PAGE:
Ensuring that Essential Goods and Services Are Available in Times of Crisis
By Stephen B. Gordon, lead coordinator of the Continuity of Supply Initiative (CoSI)
For the past two and a half years, times have not been good for state and local governments or the millions of the people they are -- or, once were -- responsible for serving. Since early 2020, more than a million people in the U.S. have died from the COVID-19 virus because, among other things, healthcare providers in the private, nonprofit, and sectors did not possess the vaccinations, the personal protective equipment (PPE), or the medicine early enough in the pandemic to respond to the needs of their patients or to protect their front-line and support staffs.
The unanticipated sudden arrival, the severity, and the rapid worldwide spread of the COVID-19 pandemic, combined with resultant breakages in vulnerable supply chains, made the challenges facing states, localities, and other U.S. healthcare providers especially daunting. The longstanding, well-known desires of state and local governments and other consumers to pay prices that were as low as possible and the ways in which producers and providers of goods and services had aggressively cut costs in their supply chains to respond to the demand signal from consumers for low prices had set the stage for supply chain failures.
The institutions and public entities that had been substantial buyers of personal protective equipment prior to the pandemic were largely able to continue fulfilling their requirements. That was not true, however, for the hospitals, clinics, health departments, and the fire, rescue, and law enforcement departments that, alone, did not have the leverage in the marketplace to assure they would continue to get the PPE they needed.
Prior to the outburst of COVID-19, most of these smaller buyers of PPE had used so-called cooperative procurement agreements, which had worked well for them in normal times. However, when demand for PPE spiked steeply and suddenly, the suppliers who held these cooperative agreements told their lower-leverage customers that they could not fulfill their requirements – and, as far as I know, faced no consequences. The jilted customers were forced into what they soon would call the “Wild West”, where in competition with one another they chased after previously unknown and unqualified brokers, who offered PPE of uncertain quality at outrageous prices.
Many of them demanded upfront payment and sometimes the supplies that states and localities ordered and paid for in advance never arrived; on other occasions, the goods arrived but were seized by federal authorities. Except in those instances where inspections revealed that the products received were clearly unacceptable, the seizures left a very bad taste in the mouths of the frustrated state and local officials who had placed the orders.
Among the many other triggers that could lead to unacceptable contractual results for state and local governments and their stakeholders, is a lack of competition in industries that supply critical goods and services. Consider, for example, the baby formula shortage and the associated price increases for this product that hit the headlines in 2021. When one of two factories operated by one of the four U.S. manufacturers that control 90% of this market had to be shut down due to both supply chain issues and FDA’s detection of a dangerous contaminant in that factory’s output, many families had to make-do or do without until the federal government resolved the shortage for the time being by invoking the Defense Production Act and launching Operation Flyover. Despite the temporary success in resolving the problem, the underlying vulnerability in the baby formula market remains.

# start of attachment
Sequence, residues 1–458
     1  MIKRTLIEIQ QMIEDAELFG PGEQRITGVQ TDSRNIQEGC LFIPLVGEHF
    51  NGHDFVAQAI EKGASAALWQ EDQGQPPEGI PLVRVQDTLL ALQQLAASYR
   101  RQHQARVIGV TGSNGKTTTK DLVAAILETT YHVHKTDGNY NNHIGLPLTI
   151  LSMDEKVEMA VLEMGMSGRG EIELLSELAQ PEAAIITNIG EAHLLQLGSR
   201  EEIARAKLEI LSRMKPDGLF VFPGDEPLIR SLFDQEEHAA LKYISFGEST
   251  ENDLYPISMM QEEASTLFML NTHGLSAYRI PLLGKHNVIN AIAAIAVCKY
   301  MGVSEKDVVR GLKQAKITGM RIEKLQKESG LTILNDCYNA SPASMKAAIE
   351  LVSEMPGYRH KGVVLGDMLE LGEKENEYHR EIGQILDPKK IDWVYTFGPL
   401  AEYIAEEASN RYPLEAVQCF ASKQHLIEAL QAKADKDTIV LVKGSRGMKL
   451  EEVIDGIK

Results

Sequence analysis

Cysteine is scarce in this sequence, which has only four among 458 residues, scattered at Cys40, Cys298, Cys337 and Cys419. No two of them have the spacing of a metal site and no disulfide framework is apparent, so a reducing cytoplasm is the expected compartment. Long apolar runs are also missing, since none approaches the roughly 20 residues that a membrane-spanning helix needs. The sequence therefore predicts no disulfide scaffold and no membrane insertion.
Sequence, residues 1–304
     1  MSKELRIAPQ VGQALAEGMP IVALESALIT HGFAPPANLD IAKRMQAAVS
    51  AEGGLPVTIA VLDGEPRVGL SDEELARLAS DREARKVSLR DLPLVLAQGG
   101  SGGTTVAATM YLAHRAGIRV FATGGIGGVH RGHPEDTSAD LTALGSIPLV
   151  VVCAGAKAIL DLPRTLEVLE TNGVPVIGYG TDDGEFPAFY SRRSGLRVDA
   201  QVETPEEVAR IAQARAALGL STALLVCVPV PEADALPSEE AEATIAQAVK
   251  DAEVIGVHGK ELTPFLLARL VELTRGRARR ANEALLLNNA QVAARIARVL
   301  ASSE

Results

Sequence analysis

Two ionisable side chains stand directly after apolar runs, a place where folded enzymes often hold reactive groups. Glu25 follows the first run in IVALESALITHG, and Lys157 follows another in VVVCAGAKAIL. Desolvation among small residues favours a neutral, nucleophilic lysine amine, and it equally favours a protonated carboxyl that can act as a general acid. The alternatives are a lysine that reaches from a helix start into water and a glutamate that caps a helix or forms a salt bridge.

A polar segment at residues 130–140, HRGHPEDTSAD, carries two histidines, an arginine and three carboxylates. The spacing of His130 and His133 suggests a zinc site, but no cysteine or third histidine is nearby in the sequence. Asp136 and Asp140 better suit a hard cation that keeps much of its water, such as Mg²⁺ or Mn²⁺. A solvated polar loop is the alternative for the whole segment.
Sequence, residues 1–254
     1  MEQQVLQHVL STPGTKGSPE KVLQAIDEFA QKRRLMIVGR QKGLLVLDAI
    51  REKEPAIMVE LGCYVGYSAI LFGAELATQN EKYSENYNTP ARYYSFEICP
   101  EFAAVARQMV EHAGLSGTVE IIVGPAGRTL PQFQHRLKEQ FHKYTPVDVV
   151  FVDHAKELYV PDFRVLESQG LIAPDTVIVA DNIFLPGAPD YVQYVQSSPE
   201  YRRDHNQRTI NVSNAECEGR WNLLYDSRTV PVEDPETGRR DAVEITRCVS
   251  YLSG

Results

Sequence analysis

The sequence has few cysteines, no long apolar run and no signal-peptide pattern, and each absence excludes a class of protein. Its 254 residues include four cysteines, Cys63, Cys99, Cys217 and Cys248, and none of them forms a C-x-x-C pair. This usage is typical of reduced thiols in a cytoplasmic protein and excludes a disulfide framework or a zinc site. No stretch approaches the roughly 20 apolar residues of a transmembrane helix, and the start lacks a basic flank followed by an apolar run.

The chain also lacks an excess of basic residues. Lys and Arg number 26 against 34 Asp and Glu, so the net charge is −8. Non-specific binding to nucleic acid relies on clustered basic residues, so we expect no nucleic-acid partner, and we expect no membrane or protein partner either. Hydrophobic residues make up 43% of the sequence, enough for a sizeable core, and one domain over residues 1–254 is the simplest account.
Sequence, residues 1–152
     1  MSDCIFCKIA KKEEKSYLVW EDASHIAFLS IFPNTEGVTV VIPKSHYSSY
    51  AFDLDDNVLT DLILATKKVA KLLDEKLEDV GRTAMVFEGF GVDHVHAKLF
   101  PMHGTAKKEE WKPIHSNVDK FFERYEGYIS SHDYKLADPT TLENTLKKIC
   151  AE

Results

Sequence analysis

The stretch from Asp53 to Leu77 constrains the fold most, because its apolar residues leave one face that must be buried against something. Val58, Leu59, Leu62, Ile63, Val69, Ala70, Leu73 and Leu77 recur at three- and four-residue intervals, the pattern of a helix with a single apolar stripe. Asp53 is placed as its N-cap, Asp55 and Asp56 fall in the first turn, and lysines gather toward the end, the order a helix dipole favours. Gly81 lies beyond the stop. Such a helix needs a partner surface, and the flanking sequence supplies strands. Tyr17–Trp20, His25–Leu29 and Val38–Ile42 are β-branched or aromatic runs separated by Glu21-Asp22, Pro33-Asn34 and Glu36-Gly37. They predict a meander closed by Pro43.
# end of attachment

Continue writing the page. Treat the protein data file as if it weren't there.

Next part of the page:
So, what can state and local governments, in particular, do to assure that they never again will find themselves without PPE or any other goods and services that they simply cannot do without? First, they must acknowledge that while the pandemic was a furiously extreme event, it’s overwhelmingly likely that there will be other events in the future that will likely – without proper preparedness -- lead to supply shortages, price increases, and other unacceptable consequences for their stakeholders. Second, they must recognize that while the future triggers for such unacceptable consequences may include global pandemics, they also may include more mundane circumstances in which, for example, a small number of suppliers control their market.
State and local governments can, if they choose, enter into supply agreements that will assure continuity of supply at affordable prices when suppliers’ primary supply chains break. That will require them to move away from convenient but potentially unreliable, typically low-price-focused sourcing options to reliable competitively sourced agreements in which state and local governments collaborate with one another and with manufacturers and distributors to plan, develop, and assure success and, in so doing, achieve best value as opposed to only economy and efficiency.
A significant portion of the value derived through such agreements will be the seamless transitions to backup supply chains for which increases in cost, if there are any, will be based on formulas pre-provided in the agreements. Each proposer’s price will be scored in relation to the value offered in its technical proposal; not “objectively” on-a-price to price basis.
It’s clear that there are no easy answers to assuring continuity of supplies, when there’s no certainty whatsoever about what goods and services, specifically, will be under pressure. But unless steps are taken in advance of a crisis, future disruptions are inevitable.
The contents of this guest column reflect those of the authors and not necessarily those of Barrett and Greene, Inc.
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